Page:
Space warfare has been a staple of science fiction for decades, but real-world fears were checked by a 1967 Outer Space Treaty, which banned the use of nuclear weapons there. But the treaty didn’t ban the use of conventional weapons in space, and Russia began its first anti-satellite weapons program in 1961, according to leading expert Brian Weeden of the Secure World Foundation. After the Cold War ended, fears eased about space conflict.
A wake-up call came with China’s 2007 test of an anti-satellite missile that destroyed a Chinese target in space (creating more than 3,000 dangerous fragments). The Chinese have now conducted a total of eight tests of satellite-killer rockets, Weeden says. Russia, too, has resumed similar tests. The United States is also thought to have what amount to anti-satellite rockets in the “midcourse” leg of its missile-defense system.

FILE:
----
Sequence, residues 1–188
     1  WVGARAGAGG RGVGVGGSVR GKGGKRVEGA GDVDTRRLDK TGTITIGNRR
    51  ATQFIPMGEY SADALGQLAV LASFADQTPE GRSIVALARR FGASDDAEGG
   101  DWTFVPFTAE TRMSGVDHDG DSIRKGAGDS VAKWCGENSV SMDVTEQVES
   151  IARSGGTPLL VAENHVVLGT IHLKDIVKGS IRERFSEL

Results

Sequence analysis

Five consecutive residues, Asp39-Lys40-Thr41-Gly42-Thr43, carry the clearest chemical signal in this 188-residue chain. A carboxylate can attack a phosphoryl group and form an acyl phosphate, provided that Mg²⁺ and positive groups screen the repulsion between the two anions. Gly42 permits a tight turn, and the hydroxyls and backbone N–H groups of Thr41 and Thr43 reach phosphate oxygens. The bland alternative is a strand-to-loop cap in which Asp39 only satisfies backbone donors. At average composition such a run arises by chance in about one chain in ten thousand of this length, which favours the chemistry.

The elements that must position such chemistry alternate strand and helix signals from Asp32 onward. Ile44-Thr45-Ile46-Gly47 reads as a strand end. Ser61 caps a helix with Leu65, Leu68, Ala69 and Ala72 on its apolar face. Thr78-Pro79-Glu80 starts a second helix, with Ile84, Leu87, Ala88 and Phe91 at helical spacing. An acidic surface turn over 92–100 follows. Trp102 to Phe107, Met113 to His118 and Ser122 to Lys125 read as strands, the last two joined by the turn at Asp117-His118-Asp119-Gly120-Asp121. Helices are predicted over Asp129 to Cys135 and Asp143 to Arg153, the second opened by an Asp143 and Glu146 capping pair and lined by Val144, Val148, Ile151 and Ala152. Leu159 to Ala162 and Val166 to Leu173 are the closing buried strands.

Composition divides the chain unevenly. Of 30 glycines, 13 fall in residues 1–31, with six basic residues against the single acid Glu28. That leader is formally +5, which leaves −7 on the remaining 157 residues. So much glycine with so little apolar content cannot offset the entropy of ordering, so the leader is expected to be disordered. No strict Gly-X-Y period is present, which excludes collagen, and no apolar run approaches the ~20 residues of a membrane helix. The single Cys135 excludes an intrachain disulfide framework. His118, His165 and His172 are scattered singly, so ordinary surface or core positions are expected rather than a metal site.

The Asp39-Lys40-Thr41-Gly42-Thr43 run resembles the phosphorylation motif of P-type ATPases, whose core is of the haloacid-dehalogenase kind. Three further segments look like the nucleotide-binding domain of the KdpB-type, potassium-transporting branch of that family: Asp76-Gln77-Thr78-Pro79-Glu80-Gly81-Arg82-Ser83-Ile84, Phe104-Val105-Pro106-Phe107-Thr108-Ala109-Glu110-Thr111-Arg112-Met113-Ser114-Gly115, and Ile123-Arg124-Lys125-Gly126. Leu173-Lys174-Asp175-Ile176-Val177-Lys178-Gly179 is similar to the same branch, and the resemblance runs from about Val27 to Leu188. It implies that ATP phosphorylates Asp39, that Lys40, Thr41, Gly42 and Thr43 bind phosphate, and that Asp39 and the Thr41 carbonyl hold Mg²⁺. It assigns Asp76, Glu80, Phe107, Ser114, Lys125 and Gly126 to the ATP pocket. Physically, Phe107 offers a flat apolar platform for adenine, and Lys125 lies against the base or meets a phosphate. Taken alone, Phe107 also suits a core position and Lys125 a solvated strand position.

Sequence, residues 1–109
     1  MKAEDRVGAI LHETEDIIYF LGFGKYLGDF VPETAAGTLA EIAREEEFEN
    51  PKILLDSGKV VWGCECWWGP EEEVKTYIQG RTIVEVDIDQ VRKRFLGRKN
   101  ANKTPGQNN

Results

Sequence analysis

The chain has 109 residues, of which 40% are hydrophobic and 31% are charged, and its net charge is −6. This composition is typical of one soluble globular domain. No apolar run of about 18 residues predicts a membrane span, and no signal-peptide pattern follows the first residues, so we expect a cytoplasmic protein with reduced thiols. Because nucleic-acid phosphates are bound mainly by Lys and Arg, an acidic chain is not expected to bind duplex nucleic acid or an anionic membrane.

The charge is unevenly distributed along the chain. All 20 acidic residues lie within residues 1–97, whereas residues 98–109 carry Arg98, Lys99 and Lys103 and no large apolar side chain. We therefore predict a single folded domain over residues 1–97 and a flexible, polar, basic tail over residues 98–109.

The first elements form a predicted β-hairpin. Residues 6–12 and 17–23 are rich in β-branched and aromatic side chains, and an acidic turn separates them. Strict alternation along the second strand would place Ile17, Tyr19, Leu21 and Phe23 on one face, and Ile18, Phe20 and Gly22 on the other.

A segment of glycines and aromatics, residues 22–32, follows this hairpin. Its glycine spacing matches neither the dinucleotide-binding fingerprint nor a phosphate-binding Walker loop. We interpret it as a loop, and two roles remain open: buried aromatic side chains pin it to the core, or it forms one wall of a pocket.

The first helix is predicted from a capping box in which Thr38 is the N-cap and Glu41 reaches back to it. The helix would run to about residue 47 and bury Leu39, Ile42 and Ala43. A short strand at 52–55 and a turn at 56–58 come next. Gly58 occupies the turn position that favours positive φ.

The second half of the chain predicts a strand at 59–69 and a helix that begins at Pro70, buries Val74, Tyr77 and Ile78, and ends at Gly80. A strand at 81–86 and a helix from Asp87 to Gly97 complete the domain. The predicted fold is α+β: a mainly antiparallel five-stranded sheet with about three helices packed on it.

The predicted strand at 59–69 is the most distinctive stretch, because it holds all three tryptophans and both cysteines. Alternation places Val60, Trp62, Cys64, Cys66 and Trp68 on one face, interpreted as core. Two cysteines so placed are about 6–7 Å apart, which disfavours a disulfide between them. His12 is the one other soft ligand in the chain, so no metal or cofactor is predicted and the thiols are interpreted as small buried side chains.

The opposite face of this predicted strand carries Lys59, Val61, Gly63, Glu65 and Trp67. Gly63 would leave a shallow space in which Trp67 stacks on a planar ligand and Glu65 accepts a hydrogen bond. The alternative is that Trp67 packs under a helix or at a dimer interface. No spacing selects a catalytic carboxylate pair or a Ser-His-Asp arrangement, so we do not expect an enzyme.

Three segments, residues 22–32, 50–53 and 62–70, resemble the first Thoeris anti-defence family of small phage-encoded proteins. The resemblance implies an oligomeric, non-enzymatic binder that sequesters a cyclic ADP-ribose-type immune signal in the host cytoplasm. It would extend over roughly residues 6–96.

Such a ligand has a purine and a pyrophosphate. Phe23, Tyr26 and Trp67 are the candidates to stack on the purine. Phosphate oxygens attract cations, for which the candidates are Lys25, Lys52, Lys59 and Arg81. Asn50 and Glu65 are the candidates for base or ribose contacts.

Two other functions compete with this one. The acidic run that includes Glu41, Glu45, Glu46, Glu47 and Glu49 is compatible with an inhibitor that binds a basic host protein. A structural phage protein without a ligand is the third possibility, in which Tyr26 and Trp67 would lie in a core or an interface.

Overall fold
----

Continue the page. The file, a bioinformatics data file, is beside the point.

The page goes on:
Rocket attacks against satellites worry the Pentagon less these days than electronic ones. Satellites could use jammers to sabotage other satellites. Ground systems can already create electronic bubbles that block GPS signals. The Russians used this technology to disable a Ukrainian drone in 2014, according to a report by the Organization for Security and Cooperation in Europe, cited by Weeden.